When Did Humans Start To See The Color Blue?

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In the wake of the blue and black dress that gripped the internet last week, the topic of color perception has been weighing heavily on our collective minds. Kevin Loria of Business Insider Australia has gone one step further by tackling the history of human perception of the color blue. Loria's investigation includes the origins of the word blue, and suggests that perception did not exist before there was a word to describe it. The basis of Loria's feature was Colors, an episode of the Radiolab podcast. In it, they discuss the first known instances of the word blue. 

About 150 years ago, a British scholar named William Gladstone was studying Homer’s "The Odyssey" and noticed that the poet had some unconventional descriptions of color. For instance, honey was described as green, while iron was called violet. However, no mention of blue existed. Similar investigations into ancient texts of a number of other languages were also missing any mention of the word blue. In fact, the first mention of blue wasn't found in any language until about 4,500 years ago. Was it possible that they weren’t able to perceive it as we do now?

Psychologist Jules Davidoff traveled to Namibia in order to conduct an experiment with the Himba tribe. Their language has no distinct word for blue, and when asked to choose a blue square among a group of green squares, they had extreme difficulty.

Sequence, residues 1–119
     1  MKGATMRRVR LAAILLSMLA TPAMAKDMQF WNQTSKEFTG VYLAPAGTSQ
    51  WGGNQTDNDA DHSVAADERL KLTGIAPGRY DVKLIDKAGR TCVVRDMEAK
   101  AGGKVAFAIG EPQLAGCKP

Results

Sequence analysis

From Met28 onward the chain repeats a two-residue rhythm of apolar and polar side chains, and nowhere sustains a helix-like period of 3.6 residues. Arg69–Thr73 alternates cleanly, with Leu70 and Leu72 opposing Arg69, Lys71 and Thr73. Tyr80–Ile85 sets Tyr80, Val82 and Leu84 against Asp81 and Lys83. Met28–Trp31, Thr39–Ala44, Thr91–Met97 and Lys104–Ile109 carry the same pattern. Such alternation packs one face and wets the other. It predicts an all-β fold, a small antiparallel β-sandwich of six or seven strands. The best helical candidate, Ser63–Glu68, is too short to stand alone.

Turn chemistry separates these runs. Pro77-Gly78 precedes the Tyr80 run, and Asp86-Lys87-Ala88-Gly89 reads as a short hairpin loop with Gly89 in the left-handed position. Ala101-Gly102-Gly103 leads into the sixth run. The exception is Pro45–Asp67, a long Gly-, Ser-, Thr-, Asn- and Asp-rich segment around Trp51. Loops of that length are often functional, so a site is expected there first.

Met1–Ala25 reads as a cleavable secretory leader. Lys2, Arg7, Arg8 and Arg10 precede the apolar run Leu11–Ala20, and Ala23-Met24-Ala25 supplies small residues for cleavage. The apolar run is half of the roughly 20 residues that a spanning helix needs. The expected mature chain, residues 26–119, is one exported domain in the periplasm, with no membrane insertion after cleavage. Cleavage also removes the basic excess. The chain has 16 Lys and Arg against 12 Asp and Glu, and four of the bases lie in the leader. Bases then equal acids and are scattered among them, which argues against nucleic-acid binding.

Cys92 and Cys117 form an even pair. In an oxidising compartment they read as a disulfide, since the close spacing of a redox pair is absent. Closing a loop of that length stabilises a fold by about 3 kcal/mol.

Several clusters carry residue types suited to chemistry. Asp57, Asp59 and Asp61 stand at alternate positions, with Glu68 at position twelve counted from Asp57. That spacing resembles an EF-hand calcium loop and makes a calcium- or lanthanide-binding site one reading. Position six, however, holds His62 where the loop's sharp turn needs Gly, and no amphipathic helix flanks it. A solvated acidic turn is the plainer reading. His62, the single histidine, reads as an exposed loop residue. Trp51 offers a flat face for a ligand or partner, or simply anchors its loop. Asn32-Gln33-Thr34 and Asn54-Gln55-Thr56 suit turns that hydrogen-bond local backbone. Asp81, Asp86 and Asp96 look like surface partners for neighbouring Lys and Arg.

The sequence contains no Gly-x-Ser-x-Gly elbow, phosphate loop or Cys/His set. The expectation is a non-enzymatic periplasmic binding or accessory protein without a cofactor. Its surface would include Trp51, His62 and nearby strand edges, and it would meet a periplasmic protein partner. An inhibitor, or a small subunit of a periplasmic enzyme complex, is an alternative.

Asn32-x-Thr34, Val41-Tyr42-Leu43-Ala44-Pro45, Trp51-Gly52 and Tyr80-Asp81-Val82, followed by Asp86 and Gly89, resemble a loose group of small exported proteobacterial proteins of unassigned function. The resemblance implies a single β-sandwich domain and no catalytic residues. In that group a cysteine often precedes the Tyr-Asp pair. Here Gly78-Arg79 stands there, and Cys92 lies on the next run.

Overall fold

Image credit: Jules Davidoff via Business Insider

However, their language is much more descriptive when it comes to green. As apparent as the blue square looks to us in the picture above, the Himba people are able to detect which green square below is unlike the others. Can you spot the green square that is a different shade than the rest? 

Image credit: Jules Davidoff via Business Insider

Below, the image tells you which one is the odd green square. Once you’ve seen the one that is supposed to be different, it becomes easier to go back and see the distinction above.

Image credit: Jules Davidoff via Business Insider

Because color only exists as it is perceived by an individual, it becomes hard to definitively say what our ancestors did or did not see. Were they really colorblind to it entirely? Or did they merely lack the vocabulary to articulate what it was they were seeing? Or did their brain not bother to view blue as distinct from other colors?

If you’d like to learn more about the color experiment with the Himba tribe, the origin of the word blue, and extreme instances of color perception in humans and in animals, check out the Radiolab podcast episode Colors right here:

 

 

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